Postcard from Lancashire
Sunday's Apple Day post delayed my customary postcard on return from holiday, but I think it's worth the wait. We've concentrated mainly on the eastern side 'oop north on previous cottage holidays, and the western side - namely Lancashire - proved just as rewarding last week.
Storm Callum didn't prevent us from having a great time at Moseley Old Hall in Staffordshire on the way up (and down - I think I've become addicted to the National Trust's cheese scones as a result), then we found ourselves staying at a mere 5 metres above sea level in the 'lettuce capital of England' (my words) where we were surrounded by hundreds of acres of lettuces, cabbages, glasshouses, and other market gardening activities.
Elsewhere in the village, the West Lancashire Light Railway was the friendliest heritage railway we've ever visited, and I've fallen in love again with Booths, the northern based supermarket.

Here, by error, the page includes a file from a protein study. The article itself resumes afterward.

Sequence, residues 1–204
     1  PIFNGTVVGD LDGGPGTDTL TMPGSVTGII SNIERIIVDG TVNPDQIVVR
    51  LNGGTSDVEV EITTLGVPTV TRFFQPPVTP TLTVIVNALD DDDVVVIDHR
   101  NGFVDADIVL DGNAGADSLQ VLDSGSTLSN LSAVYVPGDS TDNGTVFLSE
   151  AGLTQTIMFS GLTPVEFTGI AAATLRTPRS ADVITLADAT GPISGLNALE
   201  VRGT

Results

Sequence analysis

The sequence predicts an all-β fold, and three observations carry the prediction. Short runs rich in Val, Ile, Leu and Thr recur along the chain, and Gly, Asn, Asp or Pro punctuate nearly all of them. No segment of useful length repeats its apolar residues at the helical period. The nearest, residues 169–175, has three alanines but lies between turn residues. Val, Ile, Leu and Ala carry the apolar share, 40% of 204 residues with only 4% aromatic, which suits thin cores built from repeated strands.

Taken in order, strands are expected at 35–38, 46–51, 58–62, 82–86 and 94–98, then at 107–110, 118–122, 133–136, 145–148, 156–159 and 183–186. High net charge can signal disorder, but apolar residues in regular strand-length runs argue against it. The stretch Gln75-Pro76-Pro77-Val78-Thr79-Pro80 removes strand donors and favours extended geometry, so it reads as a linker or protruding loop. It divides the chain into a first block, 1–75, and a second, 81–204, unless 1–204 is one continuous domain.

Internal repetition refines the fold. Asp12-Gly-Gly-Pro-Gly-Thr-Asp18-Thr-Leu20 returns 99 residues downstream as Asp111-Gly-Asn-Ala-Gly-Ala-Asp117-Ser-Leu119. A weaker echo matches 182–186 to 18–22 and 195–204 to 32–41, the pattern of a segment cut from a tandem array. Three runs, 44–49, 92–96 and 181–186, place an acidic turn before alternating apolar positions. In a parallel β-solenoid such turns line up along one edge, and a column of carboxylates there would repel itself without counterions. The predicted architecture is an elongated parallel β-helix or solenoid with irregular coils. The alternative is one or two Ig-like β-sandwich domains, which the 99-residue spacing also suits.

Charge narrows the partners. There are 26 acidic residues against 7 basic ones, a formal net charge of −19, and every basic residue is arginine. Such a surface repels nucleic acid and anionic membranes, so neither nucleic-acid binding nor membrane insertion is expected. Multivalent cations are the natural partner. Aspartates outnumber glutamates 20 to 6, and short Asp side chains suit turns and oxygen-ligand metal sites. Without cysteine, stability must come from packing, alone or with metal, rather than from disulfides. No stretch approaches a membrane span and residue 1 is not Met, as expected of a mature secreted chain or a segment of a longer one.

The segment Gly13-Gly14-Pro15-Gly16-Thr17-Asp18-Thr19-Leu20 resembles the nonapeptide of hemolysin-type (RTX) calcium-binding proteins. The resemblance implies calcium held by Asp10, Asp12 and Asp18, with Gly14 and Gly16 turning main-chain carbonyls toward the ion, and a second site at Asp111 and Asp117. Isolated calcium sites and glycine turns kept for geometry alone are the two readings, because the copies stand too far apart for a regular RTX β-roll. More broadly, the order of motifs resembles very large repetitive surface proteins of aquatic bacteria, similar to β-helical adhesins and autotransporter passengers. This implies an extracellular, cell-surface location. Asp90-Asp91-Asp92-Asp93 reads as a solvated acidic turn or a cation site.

We had time to see family and friends; and plenty of warmth for cups of tea and meals sat outside in the sunshine every day (in October!), though not enough time to see if we could find Blackburn's 4,000 holes.
As you can see, we became part of Blackpool's famous illuminations when our heritage tram turned out to be a boat; listening to thousands of geese arriving for the night at the Wildfowl and Wetland Trust's Martin Mere reserve was magical; Gawthorpe Hall has a treasure trove of textiles and needlework to admire, and Anthony Gormley's 'Another Place' at Crosby was worth the trip alone.
Canalside walks in Tarleton and Rufford Old Hall; seaside wandering at St Annes, Southport and Fleetwood; the bonkers brilliance of the World Timbersports championships in Liverpool; and a waterfront walk completed the most satisfying of weeks.
More on some of these places to come...